The National Assessment of Education Progress (NAEP) has earned a reputation as one of the nation's best measures of student achievement in key subject areas. Since its inception in 1969, NAEP has summarized academic performance for the nation as a whole and, beginning in 1990, for the individual states. Increasingly, NAEP results get the attention of the press, the public, and policy makers. With this increasing prominence have come calls for reporting NAEP results below the national and state levels. Some education leaders argue that NAEP can provide important and useful information to local educators and policy makers. They want NAEP to serve as a district-level indicator of educational progress and call for NAEP results to be summarized at the school district level.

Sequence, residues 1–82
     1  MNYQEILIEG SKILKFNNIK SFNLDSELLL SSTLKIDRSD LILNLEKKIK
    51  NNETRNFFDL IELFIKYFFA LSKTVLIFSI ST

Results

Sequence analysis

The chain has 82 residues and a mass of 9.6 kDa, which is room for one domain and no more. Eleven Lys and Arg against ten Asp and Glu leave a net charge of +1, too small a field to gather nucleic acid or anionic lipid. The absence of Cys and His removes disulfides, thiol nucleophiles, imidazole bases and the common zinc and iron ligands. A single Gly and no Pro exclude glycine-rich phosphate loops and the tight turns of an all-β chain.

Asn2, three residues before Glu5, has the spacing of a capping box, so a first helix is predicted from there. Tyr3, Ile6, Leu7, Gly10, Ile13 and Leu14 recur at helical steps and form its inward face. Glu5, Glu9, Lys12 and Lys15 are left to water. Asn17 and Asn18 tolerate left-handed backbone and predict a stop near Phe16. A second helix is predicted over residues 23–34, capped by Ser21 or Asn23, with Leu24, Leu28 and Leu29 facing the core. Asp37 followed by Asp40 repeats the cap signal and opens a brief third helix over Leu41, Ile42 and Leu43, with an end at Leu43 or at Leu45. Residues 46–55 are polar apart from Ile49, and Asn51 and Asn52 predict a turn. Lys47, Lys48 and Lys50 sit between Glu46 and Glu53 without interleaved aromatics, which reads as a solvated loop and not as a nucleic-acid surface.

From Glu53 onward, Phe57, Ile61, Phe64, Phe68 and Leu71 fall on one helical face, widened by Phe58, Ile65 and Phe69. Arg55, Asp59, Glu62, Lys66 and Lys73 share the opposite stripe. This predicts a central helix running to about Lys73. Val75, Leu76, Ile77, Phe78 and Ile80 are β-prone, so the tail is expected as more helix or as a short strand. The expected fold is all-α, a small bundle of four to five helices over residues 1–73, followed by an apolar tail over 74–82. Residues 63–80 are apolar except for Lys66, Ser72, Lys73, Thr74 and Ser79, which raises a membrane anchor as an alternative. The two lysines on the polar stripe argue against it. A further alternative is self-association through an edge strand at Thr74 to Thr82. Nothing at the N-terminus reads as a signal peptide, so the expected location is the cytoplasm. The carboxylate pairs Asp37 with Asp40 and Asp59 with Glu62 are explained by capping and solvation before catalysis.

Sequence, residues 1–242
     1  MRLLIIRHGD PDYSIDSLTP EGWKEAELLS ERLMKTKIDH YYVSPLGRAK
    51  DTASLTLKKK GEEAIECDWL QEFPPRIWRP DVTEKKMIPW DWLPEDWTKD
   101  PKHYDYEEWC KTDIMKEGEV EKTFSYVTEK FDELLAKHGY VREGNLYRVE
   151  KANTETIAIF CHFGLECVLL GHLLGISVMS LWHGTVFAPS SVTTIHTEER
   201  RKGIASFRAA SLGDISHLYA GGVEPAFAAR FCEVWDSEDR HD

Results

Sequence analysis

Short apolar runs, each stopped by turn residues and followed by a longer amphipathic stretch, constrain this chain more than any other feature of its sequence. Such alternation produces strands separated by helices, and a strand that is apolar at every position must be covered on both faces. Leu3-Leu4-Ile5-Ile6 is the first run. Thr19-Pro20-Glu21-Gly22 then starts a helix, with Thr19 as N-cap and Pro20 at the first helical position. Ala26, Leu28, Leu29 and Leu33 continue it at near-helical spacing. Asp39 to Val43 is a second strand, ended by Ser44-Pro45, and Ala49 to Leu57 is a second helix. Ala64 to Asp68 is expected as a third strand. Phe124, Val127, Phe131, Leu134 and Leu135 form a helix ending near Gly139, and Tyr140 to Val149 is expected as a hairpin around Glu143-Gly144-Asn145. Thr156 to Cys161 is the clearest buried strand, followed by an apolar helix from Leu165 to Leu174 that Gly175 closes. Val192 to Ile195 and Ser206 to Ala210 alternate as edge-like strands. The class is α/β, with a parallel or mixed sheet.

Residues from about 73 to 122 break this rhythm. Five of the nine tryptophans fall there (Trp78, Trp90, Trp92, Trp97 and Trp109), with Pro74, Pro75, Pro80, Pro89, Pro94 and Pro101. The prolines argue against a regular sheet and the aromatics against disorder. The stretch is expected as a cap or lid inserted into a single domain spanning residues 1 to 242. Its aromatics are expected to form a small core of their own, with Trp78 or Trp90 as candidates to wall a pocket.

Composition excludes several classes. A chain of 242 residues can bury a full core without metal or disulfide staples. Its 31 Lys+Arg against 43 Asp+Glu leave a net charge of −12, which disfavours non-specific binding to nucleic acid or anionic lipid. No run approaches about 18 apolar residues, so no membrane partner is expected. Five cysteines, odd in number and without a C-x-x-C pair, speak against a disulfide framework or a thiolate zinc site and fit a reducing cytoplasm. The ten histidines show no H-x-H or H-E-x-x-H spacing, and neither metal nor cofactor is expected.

Reporting District-Level NAEP Data explores with various stakeholders their interest in and perceptions regarding the likely impacts of district level reporting.
Table of Contents
|3 NAEP's Influence on State Instructional and Assessment Programs||14-18|
|4 Comparisons with National Benchmarks: Pros and Cons||19-23|
|5 Factors That Influence Interest in District-Level NAEP||24-37|
|6 Summing Up: Issues to Consider and Resolve||38-41|
|Appendix A: Workshop on District-Level Reporting for NAEP Agenda and Participants||45-50|
|Appendix B: Background Information on NAEP||51-53|
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